to a surviving husband, wife or civil partner and the children of the deceased. These rights must be satisfied before the remainder of the estate can be distributed.

Where the term moveable estate is used this refers to any items that can be physically moved from one location to another. Net moveable estate means all moveable property after deduction for any debts of the deceased’s have been settled.

There are two types of rights to consider, ‘Statutory Prior Rights’ and ’Legal Rights’.

Statutory Prior Rights

The Statutory Prior Rights of a surviving husband, wife or civil partner* are:

  • A right to a house in which the surviving husband, wife or civil partner* resided before death and which was owned by the deceased, where the value of the house does not exceed £473,000.
  • In some circumstances, the husband, wife or civil partner* may choose to take the value of the house in money instead of the property itself. If the house is worth more than £473,000, then the spouse is entitled to £300,000 in money, ie not the house.
  • The furniture of the house referred to above, up to the value of £29,000. The sum of £89,000 (£50,000 if the deceased is survived by children).

*as defined in the Civil Partnership Act 2004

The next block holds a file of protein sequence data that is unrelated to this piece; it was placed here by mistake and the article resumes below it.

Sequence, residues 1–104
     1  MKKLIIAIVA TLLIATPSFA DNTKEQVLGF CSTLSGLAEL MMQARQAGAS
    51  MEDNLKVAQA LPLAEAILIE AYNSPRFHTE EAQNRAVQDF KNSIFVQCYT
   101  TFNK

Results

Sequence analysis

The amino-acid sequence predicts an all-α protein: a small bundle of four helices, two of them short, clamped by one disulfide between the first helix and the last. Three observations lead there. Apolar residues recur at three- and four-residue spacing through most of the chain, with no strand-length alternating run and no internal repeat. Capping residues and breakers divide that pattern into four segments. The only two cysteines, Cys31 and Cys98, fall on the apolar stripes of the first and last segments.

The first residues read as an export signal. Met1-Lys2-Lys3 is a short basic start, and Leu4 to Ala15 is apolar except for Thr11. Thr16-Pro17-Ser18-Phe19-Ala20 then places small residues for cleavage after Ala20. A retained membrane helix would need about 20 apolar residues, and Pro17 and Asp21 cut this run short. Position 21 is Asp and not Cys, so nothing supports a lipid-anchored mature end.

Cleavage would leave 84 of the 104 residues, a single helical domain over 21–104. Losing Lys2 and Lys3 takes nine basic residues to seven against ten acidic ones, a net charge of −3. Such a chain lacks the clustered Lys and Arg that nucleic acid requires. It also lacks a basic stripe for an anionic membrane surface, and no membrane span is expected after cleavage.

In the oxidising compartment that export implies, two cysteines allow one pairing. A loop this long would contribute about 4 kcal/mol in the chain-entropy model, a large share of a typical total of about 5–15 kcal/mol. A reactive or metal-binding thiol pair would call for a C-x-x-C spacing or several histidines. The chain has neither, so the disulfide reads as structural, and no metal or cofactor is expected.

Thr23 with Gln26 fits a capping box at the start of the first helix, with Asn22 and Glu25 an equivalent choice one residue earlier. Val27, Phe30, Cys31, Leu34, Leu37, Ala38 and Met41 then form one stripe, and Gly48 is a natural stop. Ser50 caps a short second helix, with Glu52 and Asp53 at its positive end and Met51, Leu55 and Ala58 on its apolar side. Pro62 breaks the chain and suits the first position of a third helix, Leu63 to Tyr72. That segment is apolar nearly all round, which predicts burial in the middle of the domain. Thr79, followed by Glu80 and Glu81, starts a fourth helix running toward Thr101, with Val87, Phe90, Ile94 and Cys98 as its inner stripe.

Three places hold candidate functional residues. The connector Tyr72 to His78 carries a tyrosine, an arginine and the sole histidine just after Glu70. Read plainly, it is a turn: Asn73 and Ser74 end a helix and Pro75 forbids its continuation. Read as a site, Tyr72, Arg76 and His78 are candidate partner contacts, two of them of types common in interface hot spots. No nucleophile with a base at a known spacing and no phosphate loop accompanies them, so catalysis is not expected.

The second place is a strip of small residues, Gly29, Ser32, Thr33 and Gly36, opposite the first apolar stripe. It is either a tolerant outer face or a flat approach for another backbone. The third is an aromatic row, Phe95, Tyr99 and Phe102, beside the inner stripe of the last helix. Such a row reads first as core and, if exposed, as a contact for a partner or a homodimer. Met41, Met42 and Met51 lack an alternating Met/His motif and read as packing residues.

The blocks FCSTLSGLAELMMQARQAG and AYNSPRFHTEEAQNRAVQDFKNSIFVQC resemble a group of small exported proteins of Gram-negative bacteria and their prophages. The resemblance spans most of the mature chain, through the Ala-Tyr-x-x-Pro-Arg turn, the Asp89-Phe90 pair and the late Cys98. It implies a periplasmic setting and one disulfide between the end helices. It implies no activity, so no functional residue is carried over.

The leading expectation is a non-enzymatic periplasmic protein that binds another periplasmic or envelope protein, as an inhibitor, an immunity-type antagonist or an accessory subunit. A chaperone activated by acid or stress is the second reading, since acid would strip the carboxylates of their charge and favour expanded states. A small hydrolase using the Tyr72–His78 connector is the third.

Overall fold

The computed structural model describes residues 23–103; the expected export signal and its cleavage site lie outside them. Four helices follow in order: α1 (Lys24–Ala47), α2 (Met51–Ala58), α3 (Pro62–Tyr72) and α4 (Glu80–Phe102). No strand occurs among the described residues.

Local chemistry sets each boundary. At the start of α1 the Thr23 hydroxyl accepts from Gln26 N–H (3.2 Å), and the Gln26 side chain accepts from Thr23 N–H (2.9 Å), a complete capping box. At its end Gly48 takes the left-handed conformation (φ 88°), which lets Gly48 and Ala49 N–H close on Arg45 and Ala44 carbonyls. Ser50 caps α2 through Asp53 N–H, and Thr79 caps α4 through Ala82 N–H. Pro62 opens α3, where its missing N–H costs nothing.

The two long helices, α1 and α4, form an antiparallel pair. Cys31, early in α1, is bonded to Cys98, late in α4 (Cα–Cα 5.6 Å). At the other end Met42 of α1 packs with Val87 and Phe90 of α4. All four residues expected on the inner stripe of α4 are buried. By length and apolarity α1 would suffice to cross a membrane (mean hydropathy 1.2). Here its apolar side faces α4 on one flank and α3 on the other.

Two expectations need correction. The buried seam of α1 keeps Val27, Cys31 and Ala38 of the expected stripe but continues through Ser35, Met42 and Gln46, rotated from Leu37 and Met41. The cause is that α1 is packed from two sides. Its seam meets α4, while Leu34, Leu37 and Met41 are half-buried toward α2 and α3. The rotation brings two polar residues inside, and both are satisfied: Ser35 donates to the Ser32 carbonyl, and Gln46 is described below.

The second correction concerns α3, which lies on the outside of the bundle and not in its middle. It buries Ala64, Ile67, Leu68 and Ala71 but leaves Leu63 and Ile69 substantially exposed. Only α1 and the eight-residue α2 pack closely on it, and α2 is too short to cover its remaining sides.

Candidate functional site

Legal Rights

These are as follows:

Jus relictae

  • the right of a widow (or civil partner) to one-half of her husband’s (or civil partner’s) moveable estate or to one-third if he or she leaves children entitled to ‘legitim’.

Jus relicti

  • the equivalent right of a widower in his deceased wife’s moveable estate.


  • the right of children (including illegitimate and adopted children and the surviving children of deceased children who would have held a claim had they survived) to one-third of the net moveable estate if there is a surviving husband, wife or civil partner claiming legal rights, or to one-half if there is no surviving husband, wife or civil partner or if the surviving husband, wife or civil partner’s claim has been fulfilled.

The Statutory Prior Rights take precedence over Legal Rights and after both these rights have been satisfied, the estate of the person who died without making a will (intestate) in Scotland is distributed in a similar fashion to England
and Wales.

Northern Ireland

In Northern Ireland the Northern Ireland Administration of Estates Act (Northern Ireland) 1955 governs the distribution of a deceased’s assets. The Succession (Northern Ireland) Order 1996 amended the 1955 Act to include a 28-day survivor succession clause in order to make a valid claim on an estate as in England and Wales.

In Northern Ireland if the deceased has no children and there are no surviving parents, brothers, sisters or nephews and nieces, then the surviving husband, wife or civil partner inherits the residual estate absolutely.

Thereafter the general principles of distribution of a deceased’s estate shown in the England and Wales chart above would be followed. However the Northern Ireland rules do differ slightly from those in England and Wales.


Updated: April 2020